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La Voz de Nuestros Lideres: Jossie Flor Sapunar, LULAC National Intern

Posted by Jossie Flor Sapunar on 11/21/2011 @ 12:20 PM

Arizona’s SB 1070 came to me as a shock. Living in a more tolerant community in the outskirts of Baltimore City, I never perceived that Latinos would so blatantly be discriminated in an age that already fought (and won) the battle for universal civil rights. As I tried to calm my indignation, I realized the anachronism of the law. Surely Martin Luther King Jr. had triumphed in equalizing the playing field for everyone of color. Cesar Chavez paved the road for Latino rights. What, then, was this law doing in a democratic age of tolerance and equality?

As I searched for some satisfying answer, I was introduced to LULAC, the largest and oldest civil rights and advocacy group, which sought to comprehensively advance the condition of Latinos in the U.S. In my quiet part of Baltimore, I had never encountered such direct prejudice of this magnitude but I was distraught in discovering that in this great nation, so hailed as being guided by equality and freedom, that in the mighty, God-graced country of the United States of America, discrimination still prevailed. I was beyond crestfallen.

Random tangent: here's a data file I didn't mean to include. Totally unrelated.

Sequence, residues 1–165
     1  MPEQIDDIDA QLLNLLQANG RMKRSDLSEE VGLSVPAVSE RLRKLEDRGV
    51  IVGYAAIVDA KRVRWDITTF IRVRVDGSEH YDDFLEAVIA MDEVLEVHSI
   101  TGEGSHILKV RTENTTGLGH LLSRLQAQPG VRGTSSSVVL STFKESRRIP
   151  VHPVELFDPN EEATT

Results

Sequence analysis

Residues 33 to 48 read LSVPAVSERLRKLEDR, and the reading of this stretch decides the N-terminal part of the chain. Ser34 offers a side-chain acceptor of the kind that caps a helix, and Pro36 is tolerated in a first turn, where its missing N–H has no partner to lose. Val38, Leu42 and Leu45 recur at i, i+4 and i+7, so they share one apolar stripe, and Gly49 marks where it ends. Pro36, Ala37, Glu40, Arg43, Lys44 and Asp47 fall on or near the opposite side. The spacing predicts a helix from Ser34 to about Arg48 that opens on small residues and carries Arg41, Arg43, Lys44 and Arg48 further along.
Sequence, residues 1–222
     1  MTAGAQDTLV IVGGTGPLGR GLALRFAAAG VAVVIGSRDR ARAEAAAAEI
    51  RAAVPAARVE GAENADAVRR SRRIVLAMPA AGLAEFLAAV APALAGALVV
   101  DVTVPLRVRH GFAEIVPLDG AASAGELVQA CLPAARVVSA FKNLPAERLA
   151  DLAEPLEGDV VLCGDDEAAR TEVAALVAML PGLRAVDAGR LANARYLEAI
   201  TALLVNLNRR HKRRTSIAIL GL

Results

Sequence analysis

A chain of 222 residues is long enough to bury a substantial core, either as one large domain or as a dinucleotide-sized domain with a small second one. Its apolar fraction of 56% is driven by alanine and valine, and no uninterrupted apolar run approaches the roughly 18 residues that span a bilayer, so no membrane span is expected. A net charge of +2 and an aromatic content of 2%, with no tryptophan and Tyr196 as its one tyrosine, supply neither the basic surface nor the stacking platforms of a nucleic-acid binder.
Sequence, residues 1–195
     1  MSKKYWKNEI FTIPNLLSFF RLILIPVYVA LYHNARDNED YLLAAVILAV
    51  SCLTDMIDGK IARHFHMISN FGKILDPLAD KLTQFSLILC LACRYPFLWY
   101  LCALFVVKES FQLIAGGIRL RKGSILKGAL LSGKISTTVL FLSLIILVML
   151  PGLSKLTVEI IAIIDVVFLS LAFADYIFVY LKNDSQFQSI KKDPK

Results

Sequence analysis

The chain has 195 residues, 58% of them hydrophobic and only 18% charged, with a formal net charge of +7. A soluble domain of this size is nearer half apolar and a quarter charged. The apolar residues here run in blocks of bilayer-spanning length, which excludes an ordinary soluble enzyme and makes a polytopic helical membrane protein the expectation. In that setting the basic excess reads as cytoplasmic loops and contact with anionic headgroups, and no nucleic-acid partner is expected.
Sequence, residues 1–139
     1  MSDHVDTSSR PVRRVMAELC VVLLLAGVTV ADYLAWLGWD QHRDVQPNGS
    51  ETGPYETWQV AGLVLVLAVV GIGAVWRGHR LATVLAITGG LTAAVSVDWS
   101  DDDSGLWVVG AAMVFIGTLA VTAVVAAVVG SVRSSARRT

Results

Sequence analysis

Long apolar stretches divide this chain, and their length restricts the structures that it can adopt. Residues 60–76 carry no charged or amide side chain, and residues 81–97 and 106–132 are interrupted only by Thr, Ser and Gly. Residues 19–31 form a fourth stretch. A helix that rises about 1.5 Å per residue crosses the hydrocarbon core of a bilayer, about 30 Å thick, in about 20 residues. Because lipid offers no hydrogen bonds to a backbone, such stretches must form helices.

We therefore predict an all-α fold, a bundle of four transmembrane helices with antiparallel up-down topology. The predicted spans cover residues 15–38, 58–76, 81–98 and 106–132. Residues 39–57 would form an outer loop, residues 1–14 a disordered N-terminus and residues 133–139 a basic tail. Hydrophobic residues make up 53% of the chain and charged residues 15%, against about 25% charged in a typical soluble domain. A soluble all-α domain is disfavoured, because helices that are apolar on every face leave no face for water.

I realized that I had been living in ignorance. Others lauded my intelligence—my own father bragged to his friends that his daughter would be graduating from the Johns Hopkins University, a competitive, world-renowned institute of higher learning. Yet, this so-called intelligence was limited to mere book knowledge of academic theory and ideals. My further research confirmed that I had been shielded by my well-intentioned family of the true condition of the United States.

I knew I had to join LULAC to help them succeed in their mission.

So here I write today, sitting in the LULAC National Office. I have been a communications intern for more than a month and my time here has allowed me to write press releases, opinion-editorials, news articles, testimonies, Congressional letters, and documentary supplements. I have researched historical, societal, economic, and political issues and their impact on the Latino community. The experience has rounded me out and opened my eyes to the full reality of the U.S. Gerrymandering, racial profiling, and unequal opportunities exist, and, through the power of my words, I can help reverse their damaging effects.

Once I leave, I will continue this mission elsewhere. Others should be able to live in the same utopia I did as a young undergraduate—studying until late with brothers and sisters of every color and creed, and knowing that nothing hinders us from success except our own personal ambition. Through the continued efforts of organizations like LULAC, this vision will cease to be some lofty faraway dream and will instead materialize into a universal existence, and for that I am grateful to have participated in the LULAC mission, which, I trust will, one day, be satisfied.

“They say that time changes things, but you actually have to change them yourself.” –Andy Warhol

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La Voz de Nuestros Lideres: Irene Graciano, LULAC National Intern